School of Medical and Health Sciences
Program of National Natural Science Foundation of China (81872708 and 82073668 to LX. Tao)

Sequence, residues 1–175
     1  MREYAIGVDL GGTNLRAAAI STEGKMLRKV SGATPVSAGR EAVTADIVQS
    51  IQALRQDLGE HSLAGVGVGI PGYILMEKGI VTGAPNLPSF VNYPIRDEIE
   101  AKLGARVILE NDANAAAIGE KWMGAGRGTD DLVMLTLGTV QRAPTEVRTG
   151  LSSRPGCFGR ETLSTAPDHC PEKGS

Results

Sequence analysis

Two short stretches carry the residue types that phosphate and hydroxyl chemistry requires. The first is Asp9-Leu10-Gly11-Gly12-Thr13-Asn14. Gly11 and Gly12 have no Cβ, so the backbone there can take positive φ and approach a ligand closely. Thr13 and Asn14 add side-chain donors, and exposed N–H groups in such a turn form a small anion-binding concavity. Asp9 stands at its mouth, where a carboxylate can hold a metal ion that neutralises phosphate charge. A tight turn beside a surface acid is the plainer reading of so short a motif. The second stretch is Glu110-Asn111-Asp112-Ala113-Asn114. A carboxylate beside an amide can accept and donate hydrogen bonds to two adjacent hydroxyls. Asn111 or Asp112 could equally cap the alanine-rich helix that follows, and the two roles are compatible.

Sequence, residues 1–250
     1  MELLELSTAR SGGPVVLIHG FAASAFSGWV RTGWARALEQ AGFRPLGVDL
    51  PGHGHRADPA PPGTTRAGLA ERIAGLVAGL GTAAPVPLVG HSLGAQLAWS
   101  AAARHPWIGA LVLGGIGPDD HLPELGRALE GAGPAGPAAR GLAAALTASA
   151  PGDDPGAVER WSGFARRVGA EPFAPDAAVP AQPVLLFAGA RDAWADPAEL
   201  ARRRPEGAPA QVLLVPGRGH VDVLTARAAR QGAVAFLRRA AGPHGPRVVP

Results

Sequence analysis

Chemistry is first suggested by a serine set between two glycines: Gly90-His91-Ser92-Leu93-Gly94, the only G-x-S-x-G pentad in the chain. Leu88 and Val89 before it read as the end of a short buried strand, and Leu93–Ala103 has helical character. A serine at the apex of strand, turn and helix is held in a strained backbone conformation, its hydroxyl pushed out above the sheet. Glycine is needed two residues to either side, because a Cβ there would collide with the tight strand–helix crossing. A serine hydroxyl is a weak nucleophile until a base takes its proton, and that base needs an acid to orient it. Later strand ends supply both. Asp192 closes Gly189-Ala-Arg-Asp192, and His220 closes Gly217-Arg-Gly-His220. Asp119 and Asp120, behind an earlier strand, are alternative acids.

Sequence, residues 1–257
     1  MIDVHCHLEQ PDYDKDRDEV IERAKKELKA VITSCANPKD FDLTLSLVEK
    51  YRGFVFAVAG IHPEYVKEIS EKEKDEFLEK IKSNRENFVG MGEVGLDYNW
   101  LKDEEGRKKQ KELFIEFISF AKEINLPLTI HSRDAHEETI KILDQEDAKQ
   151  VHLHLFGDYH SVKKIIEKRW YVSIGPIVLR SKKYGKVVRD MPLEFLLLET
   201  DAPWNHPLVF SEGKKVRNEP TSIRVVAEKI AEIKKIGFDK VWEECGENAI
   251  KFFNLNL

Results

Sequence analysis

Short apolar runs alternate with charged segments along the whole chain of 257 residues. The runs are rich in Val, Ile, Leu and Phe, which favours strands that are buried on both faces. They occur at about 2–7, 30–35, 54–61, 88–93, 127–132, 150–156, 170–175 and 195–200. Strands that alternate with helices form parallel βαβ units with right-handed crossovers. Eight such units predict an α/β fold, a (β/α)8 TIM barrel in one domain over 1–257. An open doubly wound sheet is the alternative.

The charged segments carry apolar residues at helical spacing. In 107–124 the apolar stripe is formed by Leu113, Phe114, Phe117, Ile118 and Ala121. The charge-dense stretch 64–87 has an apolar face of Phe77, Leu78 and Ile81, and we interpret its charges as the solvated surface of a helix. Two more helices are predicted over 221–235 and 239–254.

Background: We aimed to examine the bidirectional associations between daytime napping duration and metabolic syndrome (MetS). Methods: Using data from the China Health and Retirement Longitudinal Study from 2011 to 2015, modified Poisson regression models were performed to explore the longitudinal associations of baseline napping duration with the occurrence and remission of MetS. Generalized estimating equation was conducted to explore the association between baseline MetS status with subsequent changes in daytime napping duration. Cross-lagged panel analysis was performed to further verify their bidirectional relationships. Results: During the four-year follow-up, among 5041 participants without MetS at baseline, extended naps were significantly associated with MetS occurrence, compared with non-napping. This association was only significant in individuals with adequate night-time sleep duration or good sleep quality of the 2898 participants with MetS at baseline. Excessive napping duration may be not favorable for MetS remission especially for adequate night-time sleepers. With respect to reverse associations, baseline MetS status significantly increased the napping duration during the subsequent follow-up period. Finally, there were significant bidirectional cross-lagged associations between napping duration and MetS severity score after adjusting for all covariates. Conclusions: Our study indicates bidirectional relationships exist between daytime napping duration and MetS. Interestingly, longer napping duration was detrimental to cardiometabolic health only in those with sufficient night-time sleep duration or good sleep quality.
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